EI Hours for Statutory Holidays

Previously, I have written about differences between the insurable earnings and hours reportable for statutory holidays. While all such earnings are insurable, there is a very different story for any related hours. The general rule for statutory holidays is that the insurable hours are the greater of:

  • any hours actually worked on that day; and
  • the hours that an employee, including zero, would normally have worked on that day.

This rule applies to any of the following:

  • the actual statutory holiday, i.e. Labour Day;
  • a day recognized in its place, i.e. Monday, September 2, 2013;
  • a day in lieu, i.e. an employee works on Labour Day in exchange for another day off, at a later date; or
  • any other type of ‘floater’ holiday.

Based on this rule, the following factors affect the number of hours recognized for Record of Employment reporting purposes for each statutory holiday paid by employers:

  • whether employees also work on the statutory holiday;
  • whether employees were in active service, inactive employment or had been terminated as of the statutory holiday; and
  • for employees in active service, whether the statutory holiday would otherwise have been a working day.

As in many other aspects of payroll, the devil is in the details. You will see from the examples below that, because of the possible factors above, reporting the correct number of insurable hours is not as simple as it might at first appear. Yet getting this number correct can be of vital importance to employees. Service Canada and the Employment Insurance Commission are bound by legislation that strictly limits entitlement based on the number of reported insurable hours. For example, if an employee requires 600 hours to establish an EI claim for maternity or parental benefits, such a claim will be denied if the applicable hours are only 599. In other words, every insured hour could potentially mean the difference between succeeding in or failing to establishing a claim for EI benefits.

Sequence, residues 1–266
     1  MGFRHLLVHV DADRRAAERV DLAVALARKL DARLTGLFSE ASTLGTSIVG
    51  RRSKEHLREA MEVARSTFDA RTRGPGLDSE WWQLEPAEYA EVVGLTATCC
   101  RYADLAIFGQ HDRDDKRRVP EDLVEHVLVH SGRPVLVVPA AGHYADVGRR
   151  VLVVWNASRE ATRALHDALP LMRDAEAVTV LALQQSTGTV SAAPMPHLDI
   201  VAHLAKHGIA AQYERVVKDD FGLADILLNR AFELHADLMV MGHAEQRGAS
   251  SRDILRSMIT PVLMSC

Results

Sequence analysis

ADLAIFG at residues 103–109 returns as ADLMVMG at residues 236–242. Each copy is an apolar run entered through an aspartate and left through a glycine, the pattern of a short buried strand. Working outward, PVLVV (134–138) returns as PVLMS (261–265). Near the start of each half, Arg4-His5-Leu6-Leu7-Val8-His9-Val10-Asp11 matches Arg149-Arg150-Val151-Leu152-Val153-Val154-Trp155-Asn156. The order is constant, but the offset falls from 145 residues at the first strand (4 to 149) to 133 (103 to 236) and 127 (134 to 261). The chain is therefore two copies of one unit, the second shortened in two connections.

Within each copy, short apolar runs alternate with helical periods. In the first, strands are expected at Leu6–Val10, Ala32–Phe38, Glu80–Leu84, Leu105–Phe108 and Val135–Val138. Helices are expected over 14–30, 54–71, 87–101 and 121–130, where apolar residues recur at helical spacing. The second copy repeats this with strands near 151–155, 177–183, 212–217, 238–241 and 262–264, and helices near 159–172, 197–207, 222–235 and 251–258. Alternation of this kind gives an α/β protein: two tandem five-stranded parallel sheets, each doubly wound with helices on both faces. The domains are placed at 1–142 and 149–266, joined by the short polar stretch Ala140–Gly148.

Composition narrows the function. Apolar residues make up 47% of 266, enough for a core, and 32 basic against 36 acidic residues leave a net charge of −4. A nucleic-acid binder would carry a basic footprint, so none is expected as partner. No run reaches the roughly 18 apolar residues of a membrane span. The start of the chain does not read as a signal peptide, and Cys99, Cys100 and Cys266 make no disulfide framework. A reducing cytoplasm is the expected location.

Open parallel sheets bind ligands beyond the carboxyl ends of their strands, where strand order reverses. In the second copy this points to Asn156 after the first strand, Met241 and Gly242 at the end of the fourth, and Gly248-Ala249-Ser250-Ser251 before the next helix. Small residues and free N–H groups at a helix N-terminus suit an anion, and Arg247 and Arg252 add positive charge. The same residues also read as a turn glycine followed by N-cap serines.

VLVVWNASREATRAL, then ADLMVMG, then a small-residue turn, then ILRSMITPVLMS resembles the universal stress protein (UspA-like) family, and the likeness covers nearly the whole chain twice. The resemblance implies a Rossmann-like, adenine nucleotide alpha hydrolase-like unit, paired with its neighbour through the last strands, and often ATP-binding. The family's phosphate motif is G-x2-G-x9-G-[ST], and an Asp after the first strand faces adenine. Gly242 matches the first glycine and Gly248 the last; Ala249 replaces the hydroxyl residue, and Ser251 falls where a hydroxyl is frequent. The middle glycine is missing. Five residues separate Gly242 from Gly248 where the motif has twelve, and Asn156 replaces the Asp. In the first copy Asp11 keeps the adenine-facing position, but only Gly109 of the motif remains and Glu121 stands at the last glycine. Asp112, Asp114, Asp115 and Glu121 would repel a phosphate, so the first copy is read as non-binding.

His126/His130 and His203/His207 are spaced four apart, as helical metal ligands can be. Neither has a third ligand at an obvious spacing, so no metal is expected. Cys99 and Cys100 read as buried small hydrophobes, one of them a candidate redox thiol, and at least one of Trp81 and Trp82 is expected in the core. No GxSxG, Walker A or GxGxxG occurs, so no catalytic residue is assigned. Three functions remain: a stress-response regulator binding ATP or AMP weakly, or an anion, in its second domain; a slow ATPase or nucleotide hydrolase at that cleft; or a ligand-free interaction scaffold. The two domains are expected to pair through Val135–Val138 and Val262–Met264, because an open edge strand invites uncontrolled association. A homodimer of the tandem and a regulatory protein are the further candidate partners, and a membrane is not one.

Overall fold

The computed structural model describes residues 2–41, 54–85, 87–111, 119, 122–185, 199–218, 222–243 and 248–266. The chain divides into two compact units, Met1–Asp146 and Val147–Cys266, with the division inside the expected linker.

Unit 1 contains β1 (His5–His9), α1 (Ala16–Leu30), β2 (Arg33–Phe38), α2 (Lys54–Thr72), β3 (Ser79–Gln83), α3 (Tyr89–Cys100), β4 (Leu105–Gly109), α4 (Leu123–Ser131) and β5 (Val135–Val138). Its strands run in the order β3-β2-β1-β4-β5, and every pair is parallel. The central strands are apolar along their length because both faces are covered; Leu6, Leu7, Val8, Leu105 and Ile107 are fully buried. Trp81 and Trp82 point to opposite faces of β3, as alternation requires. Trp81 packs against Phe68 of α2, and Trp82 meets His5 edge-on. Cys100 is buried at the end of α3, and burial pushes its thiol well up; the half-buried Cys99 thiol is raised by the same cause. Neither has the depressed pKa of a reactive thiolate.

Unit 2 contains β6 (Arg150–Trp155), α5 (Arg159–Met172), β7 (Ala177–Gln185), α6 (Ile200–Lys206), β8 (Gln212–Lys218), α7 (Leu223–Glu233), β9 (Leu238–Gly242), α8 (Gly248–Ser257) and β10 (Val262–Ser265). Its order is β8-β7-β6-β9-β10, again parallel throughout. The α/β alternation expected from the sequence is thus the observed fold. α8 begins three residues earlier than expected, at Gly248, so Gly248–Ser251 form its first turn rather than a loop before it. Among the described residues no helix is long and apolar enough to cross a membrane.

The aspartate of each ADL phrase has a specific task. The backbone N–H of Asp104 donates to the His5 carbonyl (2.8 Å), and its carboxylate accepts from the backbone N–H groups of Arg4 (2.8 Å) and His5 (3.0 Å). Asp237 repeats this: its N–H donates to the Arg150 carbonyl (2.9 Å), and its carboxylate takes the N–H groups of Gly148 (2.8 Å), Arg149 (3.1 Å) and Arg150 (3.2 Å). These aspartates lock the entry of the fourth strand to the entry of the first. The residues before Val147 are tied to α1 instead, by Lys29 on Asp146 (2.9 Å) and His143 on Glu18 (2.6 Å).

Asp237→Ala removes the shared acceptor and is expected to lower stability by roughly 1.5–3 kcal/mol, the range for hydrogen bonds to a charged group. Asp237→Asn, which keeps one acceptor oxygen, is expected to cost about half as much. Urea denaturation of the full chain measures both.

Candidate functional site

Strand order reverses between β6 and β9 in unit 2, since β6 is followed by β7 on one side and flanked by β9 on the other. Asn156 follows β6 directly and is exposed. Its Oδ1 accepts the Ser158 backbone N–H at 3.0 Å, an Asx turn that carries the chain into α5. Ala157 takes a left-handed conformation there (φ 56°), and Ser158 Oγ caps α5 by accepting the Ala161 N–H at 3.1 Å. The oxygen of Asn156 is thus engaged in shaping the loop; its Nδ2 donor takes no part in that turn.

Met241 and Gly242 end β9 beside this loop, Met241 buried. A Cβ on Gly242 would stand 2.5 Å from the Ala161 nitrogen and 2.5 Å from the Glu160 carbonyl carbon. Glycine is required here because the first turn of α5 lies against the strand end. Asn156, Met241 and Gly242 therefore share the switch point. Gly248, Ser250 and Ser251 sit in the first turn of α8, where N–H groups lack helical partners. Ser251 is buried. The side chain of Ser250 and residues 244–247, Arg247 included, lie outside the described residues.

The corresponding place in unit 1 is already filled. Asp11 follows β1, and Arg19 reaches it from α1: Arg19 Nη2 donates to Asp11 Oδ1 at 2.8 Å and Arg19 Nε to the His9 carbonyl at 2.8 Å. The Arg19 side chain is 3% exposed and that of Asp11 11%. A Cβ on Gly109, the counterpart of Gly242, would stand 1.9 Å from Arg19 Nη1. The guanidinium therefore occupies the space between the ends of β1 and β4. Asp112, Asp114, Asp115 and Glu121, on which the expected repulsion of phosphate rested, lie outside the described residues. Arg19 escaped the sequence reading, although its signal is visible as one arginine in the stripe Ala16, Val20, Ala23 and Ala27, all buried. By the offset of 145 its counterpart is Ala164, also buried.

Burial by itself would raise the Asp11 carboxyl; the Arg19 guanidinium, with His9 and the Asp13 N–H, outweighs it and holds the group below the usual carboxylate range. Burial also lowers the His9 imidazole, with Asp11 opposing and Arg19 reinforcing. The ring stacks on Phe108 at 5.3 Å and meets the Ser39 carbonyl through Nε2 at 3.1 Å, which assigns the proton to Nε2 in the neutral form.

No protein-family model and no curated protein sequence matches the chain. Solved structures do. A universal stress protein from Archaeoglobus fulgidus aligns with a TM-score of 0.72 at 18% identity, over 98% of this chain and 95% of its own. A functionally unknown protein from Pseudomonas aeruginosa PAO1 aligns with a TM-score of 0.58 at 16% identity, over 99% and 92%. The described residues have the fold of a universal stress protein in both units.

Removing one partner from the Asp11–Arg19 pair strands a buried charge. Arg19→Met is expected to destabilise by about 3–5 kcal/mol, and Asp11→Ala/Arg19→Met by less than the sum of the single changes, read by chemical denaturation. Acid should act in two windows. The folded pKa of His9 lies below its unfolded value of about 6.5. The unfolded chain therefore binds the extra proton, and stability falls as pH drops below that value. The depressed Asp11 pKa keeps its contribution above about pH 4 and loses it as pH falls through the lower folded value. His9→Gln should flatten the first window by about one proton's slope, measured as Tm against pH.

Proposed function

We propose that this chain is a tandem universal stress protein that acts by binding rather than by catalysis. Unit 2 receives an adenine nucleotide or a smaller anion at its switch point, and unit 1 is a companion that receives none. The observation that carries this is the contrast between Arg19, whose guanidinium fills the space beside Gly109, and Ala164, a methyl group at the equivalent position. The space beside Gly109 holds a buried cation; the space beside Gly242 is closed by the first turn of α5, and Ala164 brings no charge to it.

Active Employment, Statutory Holiday on a Non-Working Day

Example: Lucas normally works Tuesday to Saturday, for his Ontario employer. In 2013, Lucas does not work Labour Day. In Ontario, under the applicable employment standards, employees in active service are entitled to another day off in lieu. Instead of this, Lucas and his employer agree to just pay him the statutory holiday pay owing. Since Lucas was in active service on Labour Day, did not work that day and the day itself was not normally a working day for Lucas, the insurable hours reportable for that day are zero.

Active Employment, Statutory Holiday on a Working Day

Example: Jennifer normally works Monday to Friday, 7.5 hours per day. On Good Friday in 2013, Jennifer works 9 hours. Under the BC employment standards, Jennifer is entitled to $100 for Good Friday itself, and 9 hours at time-and-a-half. At her regular hourly rate of $12, Jennifer is paid $162 for that actual work. Her insurable earnings are $262 and her insurable hours are 9. Since Jennifer was in active employment on that day, and worked the holiday, the insurable hours are the greater of the hours worked and the otherwise normal hours for the day.